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The development of a capillary microreactor for transesterification reactions using lipase immobilized onto a silica monolith

Anuar, Sabiqah Tuan, Zhao, Yuan-Yuan, Mugo, Samuel M., Curtis, Jonathan M.
Journal of Molecular Catalysis. B, Enzymatic 2013 v.92 pp. 62-70
Fourier transform infrared spectroscopy, Pseudozyma antarctica, ambient temperature, atmospheric pressure, catalytic activity, cross-linking reagents, ethanolysis, gas chromatography, glutaraldehyde, immobilized enzymes, ionization, light scattering, liquid chromatography, mass spectrometry, oleic acid, silica, surface area, transesterification, triolein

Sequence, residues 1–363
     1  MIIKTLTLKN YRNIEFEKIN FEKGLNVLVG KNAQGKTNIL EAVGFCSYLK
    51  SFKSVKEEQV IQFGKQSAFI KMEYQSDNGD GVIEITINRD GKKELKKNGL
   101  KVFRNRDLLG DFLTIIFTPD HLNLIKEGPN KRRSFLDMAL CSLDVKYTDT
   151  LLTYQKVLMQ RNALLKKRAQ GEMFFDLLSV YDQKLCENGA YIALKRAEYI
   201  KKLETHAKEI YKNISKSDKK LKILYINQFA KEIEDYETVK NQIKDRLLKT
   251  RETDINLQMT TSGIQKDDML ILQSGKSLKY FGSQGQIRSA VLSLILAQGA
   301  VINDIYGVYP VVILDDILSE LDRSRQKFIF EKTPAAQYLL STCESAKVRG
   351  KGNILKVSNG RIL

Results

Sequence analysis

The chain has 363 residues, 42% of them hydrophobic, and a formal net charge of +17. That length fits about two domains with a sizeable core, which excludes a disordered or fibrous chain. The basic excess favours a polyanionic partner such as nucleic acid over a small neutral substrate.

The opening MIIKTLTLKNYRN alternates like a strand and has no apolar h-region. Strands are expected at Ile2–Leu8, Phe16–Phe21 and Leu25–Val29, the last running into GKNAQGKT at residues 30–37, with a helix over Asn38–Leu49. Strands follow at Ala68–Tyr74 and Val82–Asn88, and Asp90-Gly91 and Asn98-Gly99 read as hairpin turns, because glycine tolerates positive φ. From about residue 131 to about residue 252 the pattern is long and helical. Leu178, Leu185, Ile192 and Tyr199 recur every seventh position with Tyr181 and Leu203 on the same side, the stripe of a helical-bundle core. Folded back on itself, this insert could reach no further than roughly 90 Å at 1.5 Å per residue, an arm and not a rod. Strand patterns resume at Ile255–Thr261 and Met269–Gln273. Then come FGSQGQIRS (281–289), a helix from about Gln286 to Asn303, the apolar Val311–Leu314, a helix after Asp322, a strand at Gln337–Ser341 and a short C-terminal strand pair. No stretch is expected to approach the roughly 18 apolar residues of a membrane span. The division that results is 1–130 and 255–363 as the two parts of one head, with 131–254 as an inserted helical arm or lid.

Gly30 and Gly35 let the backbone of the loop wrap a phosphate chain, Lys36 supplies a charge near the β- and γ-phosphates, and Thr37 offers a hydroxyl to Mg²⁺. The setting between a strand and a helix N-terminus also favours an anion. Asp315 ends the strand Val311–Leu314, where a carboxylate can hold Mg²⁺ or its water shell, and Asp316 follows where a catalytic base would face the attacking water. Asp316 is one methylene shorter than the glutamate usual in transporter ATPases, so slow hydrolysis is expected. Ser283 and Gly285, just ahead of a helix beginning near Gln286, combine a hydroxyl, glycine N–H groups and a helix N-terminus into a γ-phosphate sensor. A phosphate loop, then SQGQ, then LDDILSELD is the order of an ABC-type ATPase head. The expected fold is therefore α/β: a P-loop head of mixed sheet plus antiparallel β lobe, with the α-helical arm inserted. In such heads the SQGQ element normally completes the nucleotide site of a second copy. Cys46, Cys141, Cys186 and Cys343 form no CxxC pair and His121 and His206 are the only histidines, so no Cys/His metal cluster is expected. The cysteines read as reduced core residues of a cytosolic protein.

The use of lipase immobilized on a silica monolith as a microreactor for performing lipid transformations is reported. The microreactor consists of a monolithic network formed within a 320μm internal diameter fused silica capillary that provides a very large surface area for enzyme immobilization. Candida antarctica lipase was covalently bound onto the silica monolith using glutaraldehyde as the cross linking reagent. Successful immobilization was demonstrated by FTIR measurements on monolith fragments. The effectiveness of flow-through microreactors was tested for the ethanolysis of triolein (TO) at room temperature. TO was quantitatively transformed into ethyl oleate when using flow rates of<1μL/min. Non-aqueous reversed phased-high performance liquid chromatography (NARP-HPLC) with an evaporative light scattering detector (ELSD) and gas chromatography/mass spectrometry with electron impact ionization (GC/MS-EI) were both used for characterization and quantification of the products. The microreactors were used to perform lipid transformations directly online with atmospheric pressure photoionization (APPI) ionization mass spectrometry. They were also shown to be reusable without loss of activity for ~15 runs when operated at room temperature and flow rates of<1μL/min.